325 Lamps and Counting

Photo: Victor Prado/New York Magazine

When 43-year-old musician Bryin Dall isn’t making “gay sex music” in his two-man band Hirsute Pursuit, he’s chasing down another obsession: lamps from the fifties, sixties, and seventies. His 1,100-square-foot apartment houses about 325 lights, some 250 of which are vintage lava lamps (including one that stands four feet tall). The rest of the collection is made up of mid-century-modern Majestic, Moss, and spaghetti lamps, lady-head lighters from the twenties and thirties, French glitter lamps, and spun-fiberglass lamps from the U.K.

Why lava lamps?
They’re just so iconic. My cousin gave me my first one—yellow liquid, red lava—when I was 5 or 6 years old. I still have it. But I scooped up most of mine in the eighties and nineties.

When lava lamps were all the rage at Spencer Gifts?
They’d become cheap by then. It’s funny, because a lot of people still don’t get it. They say, “Oh, Austin Powers!” It’s like, “No. I mean, if that’s your reference point …”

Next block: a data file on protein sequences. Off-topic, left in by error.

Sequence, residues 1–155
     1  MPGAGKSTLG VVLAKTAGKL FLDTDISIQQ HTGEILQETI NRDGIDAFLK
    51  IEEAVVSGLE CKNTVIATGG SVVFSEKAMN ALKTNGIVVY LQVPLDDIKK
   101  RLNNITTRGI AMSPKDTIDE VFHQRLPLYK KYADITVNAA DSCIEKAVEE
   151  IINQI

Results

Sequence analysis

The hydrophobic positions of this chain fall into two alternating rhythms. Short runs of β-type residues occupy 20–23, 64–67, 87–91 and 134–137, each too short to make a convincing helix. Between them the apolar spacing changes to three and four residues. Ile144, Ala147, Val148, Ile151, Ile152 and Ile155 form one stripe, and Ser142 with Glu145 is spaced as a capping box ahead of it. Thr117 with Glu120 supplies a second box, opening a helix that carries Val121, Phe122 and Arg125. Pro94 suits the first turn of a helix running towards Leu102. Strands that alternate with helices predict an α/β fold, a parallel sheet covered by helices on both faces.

Where do you go to commune with other lava-lamp obsessives?
There’s a website called Oozing Goo; it’s where all of the lava-lamp nuts are.

Are there a lot of you out there?
Oh, yeah. And there are people who are way more knowledgeable than I am. I just happen to have the most complete collection of vintage American lava lamps.

Is lamp collecting competitive?
Yes. I know a lot of poor people who spend all their money on it. I used to have bidding wars with this one guy on eBay; turns out he’s from Long Island and probably had 2,000 lava lamps—just a mad collector. He lost everything in Hurricane Sandy.

Are visitors always trying to touch your lights?
Yes! The only thing I get really nervous about is my fiber-optic lamps. They don’t make them with glass anymore; they use cheap plastic, which looks like shit. Mine were the first ones they made, and they’ve become brittle with age. Everyone that comes in wants to rub their hands over them, and it’s like, “No! No! No!”

What’s the most you’ve ever spent on a lamp?
A thousand dollars on an Imperial floor lava lamp. It has a massive container supported on a beautiful walnut stand. The other lamp I spent big money on is my Sputnik. It has 72 arms, and each one takes a bulb. I won it on eBay for $650, but have been offered much more to sell it. I refuse; I’ll never see another one.

Your electric bill must be insane.
It’s actually pretty normal. I use low-wattage bulbs and only turn on a few lamps at a time. Unless I have a party—then I light everything up.

Interview by Andrew Parks

325 Lamps and Counting